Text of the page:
Distribution of Protons and Cd between Bacterial Surfaces and Dissolved Humic Substances Determined through Chemical Equilibrium Modeling


Bacteria and dissolved humic substances are capable of binding significant concentrations of metals in natural environments. Recent advances in understanding bacteria-metal and humic-metal complexation have provided a framework for directly comparing the binding capacities of these components. In this study, we use chemical equilibrium modeling to construct an internally consistent set of thermodynamic equilibrium constants for proton and Cd binding onto dissolved humic substances, using a variety of published data sets. Our modeling approach allows for the direct comparison of humic substance binding constants and site densities to those previously published for proton and Cd binding onto natural consortia of bacteria. We then combine these constants into a unified model that accounts for the competition between bacterial surfaces and humic and fulvic acids in order to determine the relative importance of each component on the total Cd budget. The combined model is used to examine the relative contributions of bacteria and dissolved humic substances to Cd complexation in natural settings. Calculations are performed for three representative systems: (1) one with a maximum realistic concentration of bacteria and a minimum realistic concentration of humic substance, (2) one with a maximum realistic concentration of humic substance and a minimum concentration of bacteria, and (3) one with an intermediate concentration of both components.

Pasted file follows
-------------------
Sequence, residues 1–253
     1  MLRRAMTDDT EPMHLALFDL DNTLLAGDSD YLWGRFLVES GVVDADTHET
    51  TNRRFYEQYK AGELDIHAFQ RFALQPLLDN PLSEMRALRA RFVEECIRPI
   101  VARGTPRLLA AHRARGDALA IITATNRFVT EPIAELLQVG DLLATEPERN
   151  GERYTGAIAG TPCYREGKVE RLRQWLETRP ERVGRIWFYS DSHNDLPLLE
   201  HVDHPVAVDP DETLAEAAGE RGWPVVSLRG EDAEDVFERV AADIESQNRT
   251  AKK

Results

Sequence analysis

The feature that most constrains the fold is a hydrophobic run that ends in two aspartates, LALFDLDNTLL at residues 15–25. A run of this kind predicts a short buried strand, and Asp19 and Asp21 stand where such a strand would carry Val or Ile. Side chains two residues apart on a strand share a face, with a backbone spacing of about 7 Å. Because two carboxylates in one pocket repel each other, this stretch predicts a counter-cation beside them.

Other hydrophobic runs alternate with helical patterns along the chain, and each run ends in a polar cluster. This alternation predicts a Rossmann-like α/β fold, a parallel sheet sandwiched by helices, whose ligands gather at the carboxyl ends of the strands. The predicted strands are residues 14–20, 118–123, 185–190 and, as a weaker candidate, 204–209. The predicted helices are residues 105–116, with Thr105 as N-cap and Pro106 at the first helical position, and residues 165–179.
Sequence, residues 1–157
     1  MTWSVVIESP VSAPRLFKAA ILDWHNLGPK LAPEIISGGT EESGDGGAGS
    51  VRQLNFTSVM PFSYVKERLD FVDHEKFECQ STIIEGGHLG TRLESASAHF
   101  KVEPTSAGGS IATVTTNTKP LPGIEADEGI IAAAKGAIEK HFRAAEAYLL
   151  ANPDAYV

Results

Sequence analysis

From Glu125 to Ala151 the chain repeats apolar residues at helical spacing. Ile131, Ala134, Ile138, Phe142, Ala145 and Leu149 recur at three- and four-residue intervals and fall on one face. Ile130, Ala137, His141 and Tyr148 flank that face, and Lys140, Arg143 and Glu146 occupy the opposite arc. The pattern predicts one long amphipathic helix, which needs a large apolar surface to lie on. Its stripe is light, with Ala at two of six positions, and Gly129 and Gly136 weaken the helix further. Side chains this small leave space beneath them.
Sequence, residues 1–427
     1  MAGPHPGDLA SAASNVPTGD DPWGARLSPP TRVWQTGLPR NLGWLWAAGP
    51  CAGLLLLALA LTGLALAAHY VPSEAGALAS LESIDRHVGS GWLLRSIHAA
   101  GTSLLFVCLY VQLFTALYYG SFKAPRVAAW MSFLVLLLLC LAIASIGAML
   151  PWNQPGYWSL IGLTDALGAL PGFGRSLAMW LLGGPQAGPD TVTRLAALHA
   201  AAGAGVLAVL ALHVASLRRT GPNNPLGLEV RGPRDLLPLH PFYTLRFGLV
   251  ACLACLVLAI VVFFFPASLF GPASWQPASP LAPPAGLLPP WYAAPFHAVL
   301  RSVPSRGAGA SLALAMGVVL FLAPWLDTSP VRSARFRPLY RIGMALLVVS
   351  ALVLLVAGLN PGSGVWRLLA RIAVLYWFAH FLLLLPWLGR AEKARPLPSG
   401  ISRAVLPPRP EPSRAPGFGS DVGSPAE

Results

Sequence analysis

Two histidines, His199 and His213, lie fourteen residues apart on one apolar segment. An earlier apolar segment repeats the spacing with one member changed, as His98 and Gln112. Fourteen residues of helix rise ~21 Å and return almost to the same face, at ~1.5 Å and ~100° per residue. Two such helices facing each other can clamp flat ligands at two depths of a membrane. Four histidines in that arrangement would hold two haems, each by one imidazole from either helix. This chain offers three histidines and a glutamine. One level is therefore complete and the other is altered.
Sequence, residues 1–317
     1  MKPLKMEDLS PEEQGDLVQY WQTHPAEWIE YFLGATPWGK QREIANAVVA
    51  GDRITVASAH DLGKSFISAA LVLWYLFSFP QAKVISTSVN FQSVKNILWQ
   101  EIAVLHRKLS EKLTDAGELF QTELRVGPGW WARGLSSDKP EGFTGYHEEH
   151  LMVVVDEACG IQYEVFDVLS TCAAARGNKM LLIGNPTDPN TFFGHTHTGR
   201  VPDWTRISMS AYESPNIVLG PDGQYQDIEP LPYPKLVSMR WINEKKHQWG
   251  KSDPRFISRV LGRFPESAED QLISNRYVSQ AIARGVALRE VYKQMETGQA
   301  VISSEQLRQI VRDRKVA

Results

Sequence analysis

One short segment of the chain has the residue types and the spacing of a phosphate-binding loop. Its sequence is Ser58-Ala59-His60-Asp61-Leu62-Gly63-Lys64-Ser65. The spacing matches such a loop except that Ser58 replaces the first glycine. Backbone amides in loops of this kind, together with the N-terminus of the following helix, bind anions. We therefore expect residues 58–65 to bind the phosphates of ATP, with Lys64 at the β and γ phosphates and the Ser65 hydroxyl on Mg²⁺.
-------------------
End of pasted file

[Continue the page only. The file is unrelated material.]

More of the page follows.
Our modeling results indicate that dissolved humic substances have 2 orders of magnitude more available binding sites than bacterial surfaces (per gram). Humic substances also have a greater affinity than bacterial surfaces for binding Cd over circumneutral pH ranges. The combined model results demonstrate that, depending upon their relative concentrations, both Cd-humic and Cd-bacteria complexes are capable of dominating Cd-speciation in specific natural environments. This modeling approach is useful in that it can easily be extended to include other metals and binding ligands; however, thermodynamic data must be gathered on additional components to facilitate the modeling of more realistic systems.


Geosciences and Geological and Petroleum Engineering

Keywords and Phrases

bacterium; cadmium; equilibrium; geomicrobiology; metal binding; surface layer; thermodynamics

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Article - Journal

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© 2004 Elsevier, All rights reserved.

Publication Date

01 Jul 2004